Articles | Volume 8, issue 4
Geosci. Model Dev., 8, 1259–1273, 2015
Geosci. Model Dev., 8, 1259–1273, 2015

Development and technical paper 29 Apr 2015

Development and technical paper | 29 Apr 2015

A sparse reconstruction method for the estimation of multi-resolution emission fields via atmospheric inversion

J. Ray1, J. Lee1, V. Yadav2, S. Lefantzi1, A. M. Michalak2, and B. van Bloemen Waanders3 J. Ray et al.
  • 1Sandia National Laboratories, P.O. Box 969, Livermore, CA 94551, USA
  • 2Carnegie Institution for Science, Stanford, CA 94305, USA
  • 3Sandia National Laboratories, P.O. Box 5800, Albuquerque, NM 87185-0751, USA

Abstract. Atmospheric inversions are frequently used to estimate fluxes of atmospheric greenhouse gases (e.g., biospheric CO2 flux fields) at Earth's surface. These inversions typically assume that flux departures from a prior model are spatially smoothly varying, which are then modeled using a multi-variate Gaussian. When the field being estimated is spatially rough, multi-variate Gaussian models are difficult to construct and a wavelet-based field model may be more suitable. Unfortunately, such models are very high dimensional and are most conveniently used when the estimation method can simultaneously perform data-driven model simplification (removal of model parameters that cannot be reliably estimated) and fitting. Such sparse reconstruction methods are typically not used in atmospheric inversions. In this work, we devise a sparse reconstruction method, and illustrate it in an idealized atmospheric inversion problem for the estimation of fossil fuel CO2 (ffCO2) emissions in the lower 48 states of the USA.

Our new method is based on stagewise orthogonal matching pursuit (StOMP), a method used to reconstruct compressively sensed images. Our adaptations bestow three properties to the sparse reconstruction procedure which are useful in atmospheric inversions. We have modified StOMP to incorporate prior information on the emission field being estimated and to enforce non-negativity on the estimated field. Finally, though based on wavelets, our method allows for the estimation of fields in non-rectangular geometries, e.g., emission fields inside geographical and political boundaries.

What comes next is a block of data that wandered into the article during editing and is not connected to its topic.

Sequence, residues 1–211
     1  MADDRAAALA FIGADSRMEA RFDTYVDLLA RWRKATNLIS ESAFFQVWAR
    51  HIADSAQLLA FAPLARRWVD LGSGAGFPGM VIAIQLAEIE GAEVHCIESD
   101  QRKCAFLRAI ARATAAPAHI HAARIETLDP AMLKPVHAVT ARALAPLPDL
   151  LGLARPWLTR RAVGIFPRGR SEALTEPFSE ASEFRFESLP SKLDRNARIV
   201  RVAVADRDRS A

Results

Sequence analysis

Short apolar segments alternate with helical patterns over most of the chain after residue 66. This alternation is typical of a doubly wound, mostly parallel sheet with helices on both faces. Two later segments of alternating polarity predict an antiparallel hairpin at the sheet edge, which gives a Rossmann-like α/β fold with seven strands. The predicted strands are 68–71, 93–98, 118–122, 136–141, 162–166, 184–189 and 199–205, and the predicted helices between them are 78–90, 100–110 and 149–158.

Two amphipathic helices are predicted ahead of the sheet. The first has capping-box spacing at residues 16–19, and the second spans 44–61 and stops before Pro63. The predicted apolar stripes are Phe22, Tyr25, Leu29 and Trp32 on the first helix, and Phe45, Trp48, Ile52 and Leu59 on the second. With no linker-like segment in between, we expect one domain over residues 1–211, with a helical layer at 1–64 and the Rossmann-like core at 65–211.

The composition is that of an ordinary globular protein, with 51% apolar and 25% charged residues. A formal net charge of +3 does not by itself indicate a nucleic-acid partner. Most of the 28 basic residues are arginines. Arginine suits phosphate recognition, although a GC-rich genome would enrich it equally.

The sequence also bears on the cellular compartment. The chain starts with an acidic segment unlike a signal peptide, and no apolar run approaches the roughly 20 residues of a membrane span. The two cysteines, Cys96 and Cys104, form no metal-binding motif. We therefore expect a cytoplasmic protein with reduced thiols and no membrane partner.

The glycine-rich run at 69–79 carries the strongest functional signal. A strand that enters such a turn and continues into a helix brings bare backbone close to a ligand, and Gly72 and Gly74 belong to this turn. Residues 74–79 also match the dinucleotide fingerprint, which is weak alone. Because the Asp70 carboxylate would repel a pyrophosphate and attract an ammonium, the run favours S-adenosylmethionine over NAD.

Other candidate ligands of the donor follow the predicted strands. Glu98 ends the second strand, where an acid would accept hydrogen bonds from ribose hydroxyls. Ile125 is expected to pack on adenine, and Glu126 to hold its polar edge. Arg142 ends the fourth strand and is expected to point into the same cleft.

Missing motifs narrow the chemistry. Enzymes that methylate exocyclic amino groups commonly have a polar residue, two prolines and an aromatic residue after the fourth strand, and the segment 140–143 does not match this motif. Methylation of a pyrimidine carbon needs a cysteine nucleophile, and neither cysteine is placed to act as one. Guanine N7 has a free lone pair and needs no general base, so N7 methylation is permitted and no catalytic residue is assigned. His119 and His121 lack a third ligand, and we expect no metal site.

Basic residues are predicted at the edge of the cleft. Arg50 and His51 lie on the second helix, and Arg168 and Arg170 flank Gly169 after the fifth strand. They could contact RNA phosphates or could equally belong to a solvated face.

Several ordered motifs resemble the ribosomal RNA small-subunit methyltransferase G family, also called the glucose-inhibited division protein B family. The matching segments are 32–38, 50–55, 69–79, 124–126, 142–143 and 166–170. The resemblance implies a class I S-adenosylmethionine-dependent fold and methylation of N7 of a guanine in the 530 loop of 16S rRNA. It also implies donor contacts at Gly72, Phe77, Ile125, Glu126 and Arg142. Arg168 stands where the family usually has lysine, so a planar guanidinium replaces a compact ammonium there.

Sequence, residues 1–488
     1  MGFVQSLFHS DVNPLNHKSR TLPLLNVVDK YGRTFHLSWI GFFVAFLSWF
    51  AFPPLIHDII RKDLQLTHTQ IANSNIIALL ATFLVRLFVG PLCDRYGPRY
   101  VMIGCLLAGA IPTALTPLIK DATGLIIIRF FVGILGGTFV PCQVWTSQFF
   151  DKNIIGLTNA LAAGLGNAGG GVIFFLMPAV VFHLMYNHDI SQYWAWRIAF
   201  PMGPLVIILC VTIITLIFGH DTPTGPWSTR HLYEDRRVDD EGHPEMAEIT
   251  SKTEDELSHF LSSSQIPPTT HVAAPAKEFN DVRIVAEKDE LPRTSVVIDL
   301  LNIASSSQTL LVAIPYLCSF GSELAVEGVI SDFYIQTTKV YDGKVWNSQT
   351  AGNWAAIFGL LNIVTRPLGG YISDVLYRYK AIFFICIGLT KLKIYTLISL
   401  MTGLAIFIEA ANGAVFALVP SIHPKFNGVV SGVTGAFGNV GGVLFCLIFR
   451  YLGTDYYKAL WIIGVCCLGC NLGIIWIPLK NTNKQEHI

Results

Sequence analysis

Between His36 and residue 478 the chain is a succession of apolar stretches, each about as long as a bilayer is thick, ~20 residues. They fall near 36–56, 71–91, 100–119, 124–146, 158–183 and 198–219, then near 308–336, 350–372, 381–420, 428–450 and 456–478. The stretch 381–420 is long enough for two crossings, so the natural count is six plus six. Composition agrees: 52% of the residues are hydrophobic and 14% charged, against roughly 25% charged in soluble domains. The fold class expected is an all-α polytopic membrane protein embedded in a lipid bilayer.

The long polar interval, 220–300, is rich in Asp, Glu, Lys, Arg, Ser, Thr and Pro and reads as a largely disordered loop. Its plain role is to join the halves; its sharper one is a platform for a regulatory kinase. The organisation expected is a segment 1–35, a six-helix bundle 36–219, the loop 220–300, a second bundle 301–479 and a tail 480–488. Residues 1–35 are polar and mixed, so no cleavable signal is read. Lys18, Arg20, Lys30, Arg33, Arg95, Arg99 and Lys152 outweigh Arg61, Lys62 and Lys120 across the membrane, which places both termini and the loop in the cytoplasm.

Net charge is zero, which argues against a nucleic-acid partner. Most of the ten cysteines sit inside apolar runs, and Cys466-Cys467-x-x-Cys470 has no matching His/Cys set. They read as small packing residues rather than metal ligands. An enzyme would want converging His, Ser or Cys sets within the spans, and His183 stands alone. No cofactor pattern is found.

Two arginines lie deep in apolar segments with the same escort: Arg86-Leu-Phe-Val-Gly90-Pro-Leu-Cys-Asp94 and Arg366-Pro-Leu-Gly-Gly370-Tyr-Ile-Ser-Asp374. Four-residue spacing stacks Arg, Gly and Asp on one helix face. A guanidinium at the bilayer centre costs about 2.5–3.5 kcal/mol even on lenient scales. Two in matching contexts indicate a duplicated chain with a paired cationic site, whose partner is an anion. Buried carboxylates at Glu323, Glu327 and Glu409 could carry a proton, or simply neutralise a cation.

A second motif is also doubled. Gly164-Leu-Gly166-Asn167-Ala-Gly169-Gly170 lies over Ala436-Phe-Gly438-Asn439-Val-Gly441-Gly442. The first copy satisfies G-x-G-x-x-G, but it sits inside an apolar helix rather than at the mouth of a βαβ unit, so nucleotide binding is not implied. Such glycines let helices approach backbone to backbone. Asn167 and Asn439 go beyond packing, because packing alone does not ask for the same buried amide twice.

Our idealized inversions use a recently developed multi-resolution (i.e., wavelet-based) random field model developed for ffCO2 emissions and synthetic observations of ffCO2 concentrations from a limited set of measurement sites. We find that our method for limiting the estimated field within an irregularly shaped region is about a factor of 10 faster than conventional approaches. It also reduces the overall computational cost by a factor of 2. Further, the sparse reconstruction scheme imposes non-negativity without introducing strong nonlinearities, such as those introduced by employing log-transformed fields, and thus reaps the benefits of simplicity and computational speed that are characteristic of linear inverse problems.

Short summary
The paper presents a statistical method (shrinkage) that can be used to estimate rough emission fields, e.g., fossil fuel CO2 emissions, from measurements of concentrations. This method is demonstrated in a test case where the emissions are modeled using wavelets. We find that the method can eliminate unnecessary complexity from the wavelet model, ensures non-negativity of the emissions, is computationally efficient and is, by construction, insensitive to prior guesses of the total emission.